Don Quixote said, ‘Let them alone, friend, for this affront is a penalty for my fault, and a just punishment it is from Heaven, that dogs and wasps eat a vanquished knight-errant, and that swine trample over him.’

‘And it is a punishment of Heaven too, belike,’ said Sancho,’ that flies do bite the squires of vanquished knights, that lice eat them, and hunger close with them. If we squires were sons or near kinsmen to the knights we serve, ‘twere not much we were partakers with them, even to the fourth generation; but what have the Panzas to do with the Quixotes? Well, yet let’s go fit ourselves again, and sleep the rest of the night, and ‘twill be day, and we shall have better luck.’

‘Sleep thou, Sancho,’ said Don Quixote, ‘for thou wast born to sleep, and I was born to wake; betwixt this and daybreak I will give reins to my thoughts, and vent them out in some madrigal, that without thy knowledge I composed this night.’

‘Methinks,’ said Sancho, ‘that thoughts that give way to verse are not very troublesome; and therefore versify you as much as you list, and I’ll sleep as much as I can and so, taking up as much of the ground as he would, he crouched up together, and slept liberally; debts, nor suretyship, nor any other affliction disturbing him.

Don Quixote leaning to the body of a beech or cork tree (for Cid Hamet Benengeli distinguisheth not what tree it was), to the music of his own sighs, sung as followeth, ‘Love, when I think,’ etc.; each of which verses were accompanied with many sighs, and not few tears, fit for a vanquished knight, and one who had his heart pierced through with grief, and tormented with the absence of his Dulcinea.

Now day came on, and Sir Sol with his beams played in Sancho’s eyes; who awoke and lazed himself, shaking and stretching out his lither limbs; he beheld the havoc the swine had made in his sumptery, and he cursed and recursed the herd.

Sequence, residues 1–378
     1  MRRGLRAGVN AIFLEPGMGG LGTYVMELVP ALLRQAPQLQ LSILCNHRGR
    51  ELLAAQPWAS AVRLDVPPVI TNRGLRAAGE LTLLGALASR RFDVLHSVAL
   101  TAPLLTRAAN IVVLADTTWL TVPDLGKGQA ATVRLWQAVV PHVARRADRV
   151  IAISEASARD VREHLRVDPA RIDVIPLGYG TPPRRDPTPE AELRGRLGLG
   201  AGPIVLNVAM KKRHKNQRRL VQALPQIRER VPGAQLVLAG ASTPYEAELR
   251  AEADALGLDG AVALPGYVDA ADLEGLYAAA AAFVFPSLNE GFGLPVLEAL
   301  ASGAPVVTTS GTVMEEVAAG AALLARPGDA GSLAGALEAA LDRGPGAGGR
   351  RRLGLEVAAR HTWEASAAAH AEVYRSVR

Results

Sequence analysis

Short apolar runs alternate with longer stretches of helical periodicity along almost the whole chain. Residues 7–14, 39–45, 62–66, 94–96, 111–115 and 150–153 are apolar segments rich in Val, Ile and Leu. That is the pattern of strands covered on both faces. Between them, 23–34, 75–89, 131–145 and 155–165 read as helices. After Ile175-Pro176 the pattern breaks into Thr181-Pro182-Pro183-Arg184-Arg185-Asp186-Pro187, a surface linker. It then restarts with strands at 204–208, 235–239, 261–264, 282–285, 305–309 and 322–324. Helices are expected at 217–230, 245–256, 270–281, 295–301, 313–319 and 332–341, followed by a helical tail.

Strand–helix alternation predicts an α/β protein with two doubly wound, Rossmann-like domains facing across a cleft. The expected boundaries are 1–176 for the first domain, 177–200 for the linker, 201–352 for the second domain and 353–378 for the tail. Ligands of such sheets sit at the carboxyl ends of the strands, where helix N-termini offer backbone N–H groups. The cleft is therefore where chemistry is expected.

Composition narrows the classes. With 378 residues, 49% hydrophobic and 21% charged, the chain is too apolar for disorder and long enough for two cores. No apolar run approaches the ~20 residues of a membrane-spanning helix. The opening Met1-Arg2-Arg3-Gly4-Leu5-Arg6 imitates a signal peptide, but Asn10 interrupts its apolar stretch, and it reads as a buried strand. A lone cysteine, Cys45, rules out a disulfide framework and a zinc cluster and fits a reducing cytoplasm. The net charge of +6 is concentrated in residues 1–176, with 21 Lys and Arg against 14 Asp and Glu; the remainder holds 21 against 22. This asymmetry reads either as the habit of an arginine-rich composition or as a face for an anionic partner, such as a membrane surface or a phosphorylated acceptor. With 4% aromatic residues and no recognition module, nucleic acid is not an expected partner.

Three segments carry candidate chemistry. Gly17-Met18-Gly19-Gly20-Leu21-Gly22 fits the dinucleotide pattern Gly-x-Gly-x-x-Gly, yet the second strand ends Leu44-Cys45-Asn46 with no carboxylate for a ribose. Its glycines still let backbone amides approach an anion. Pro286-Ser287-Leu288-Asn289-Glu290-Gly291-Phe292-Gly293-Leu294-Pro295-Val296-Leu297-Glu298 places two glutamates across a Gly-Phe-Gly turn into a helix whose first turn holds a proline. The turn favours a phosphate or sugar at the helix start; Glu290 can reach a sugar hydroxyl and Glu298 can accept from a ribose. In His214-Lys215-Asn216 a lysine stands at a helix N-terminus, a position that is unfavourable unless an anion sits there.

Finally, both of them returned to their commenced journey; and toward sunset they saw some ten horsemen coming toward them, and four or five footmen. Don Quixote was aghast at heart, and Sancho shivered, for the troop drew nearer to them, who had their spears and shields all in warlike array.

Don Quixote turned to Sancho and said, ‘If, Sancho, it were lawful for me to exercise arms, and that my promise had not bound my hands, I should think this were an adventure of cake-bread; but perhaps it may be otherwise than we think for.’

By this the horsemen came, and, lifting up their lances, without a word speaking, they compassed in Don Quixote before and behind; one of the footmen threatening him with death, and clapping his finger to his mouth, in sign he should not cry out; and so he laid hold on Rozinante’s bridle, and led him out of the way; ‘and the rest of the footmen catching Sancho’s Dapple, all of them most silently followed after those that carried Don Quixote; who twice or thrice would have asked whither they carried him, and what they would with him; but he no sooner began to move his lips, when they were ready to close them with their lances’ points; and the same happened to Sancho when one of the footmen pricked him with a goad, he offering but to speak; and Dapple they punched too, as if he would have spoken.

It now began to grow dark, so they mended their pace; the two prisoners’ fears increased, especially when they might hear that sometimes they were cried out on, ‘On, on, ye Troglodytes! peace, ye barbarous slaves! revenge, ye Anthropophagi! complain not, ye Scythians! open not your eyes, ye murderous Polyphemans, ye butcherous lions!’ and other such names as these, with which they tormented the ears of the lamentable knight and squire.

Sancho said within himself,1 ‘We Tortelites? We barbers’ slaves? We popinjays? We little bitches to whom they cry,’ Hist, hist? I do not like these names; this wind winnows no corn; all our ill comes together, like a whip to a dog; and I would to God this adventure might end no worse.

Don Quixote was embezzled; neither in all his discourse could he find what reproachful names those should be that were put upon him; whereby he plainly perceived there was no good to be hoped for, but, on the contrary, much evil.

Within an hour of night they came to the castle, which Don Quixote well perceived to be the duke’s where but a while before they had been.

‘Now, God defend,’ said he, as soon as he knew the place, ‘what have we here? Why, in this house, all is courtesy and good usage; but for the vanquished all goes from good to bad, and from bad to worse.

They entered the chief court of the castle, and they saw it so dressed and ordered that their admiration increased and their fear redoubled, as you shall see in the following chapter.

1 Sancho’s mistakes.

Gavilan College celebrates 400 years of Don Quijote

The History of Don Quixote - The Second Part